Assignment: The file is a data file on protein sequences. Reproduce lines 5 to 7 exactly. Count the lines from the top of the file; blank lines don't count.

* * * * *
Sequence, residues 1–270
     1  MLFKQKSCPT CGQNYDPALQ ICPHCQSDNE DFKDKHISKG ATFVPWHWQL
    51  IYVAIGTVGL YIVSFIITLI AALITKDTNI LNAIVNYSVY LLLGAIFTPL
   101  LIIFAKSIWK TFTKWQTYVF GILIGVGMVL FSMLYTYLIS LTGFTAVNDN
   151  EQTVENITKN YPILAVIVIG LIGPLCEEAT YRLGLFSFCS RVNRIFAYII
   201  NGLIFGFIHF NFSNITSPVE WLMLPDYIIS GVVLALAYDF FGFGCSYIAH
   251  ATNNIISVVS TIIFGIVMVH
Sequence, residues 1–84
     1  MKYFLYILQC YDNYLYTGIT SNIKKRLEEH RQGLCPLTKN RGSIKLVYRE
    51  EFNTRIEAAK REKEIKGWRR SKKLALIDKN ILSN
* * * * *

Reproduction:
   151  EQTVENITKN YPILAVIVIG LIGPLCEEAT YRLGLFSFCS RVNRIFAYII
   201  NGLIFGFIHF NFSNITSPVE WLMLPDYIIS GVVLALAYDF FGFGCSYIAH
   251  ATNNIISVVS TIIFGIVMVH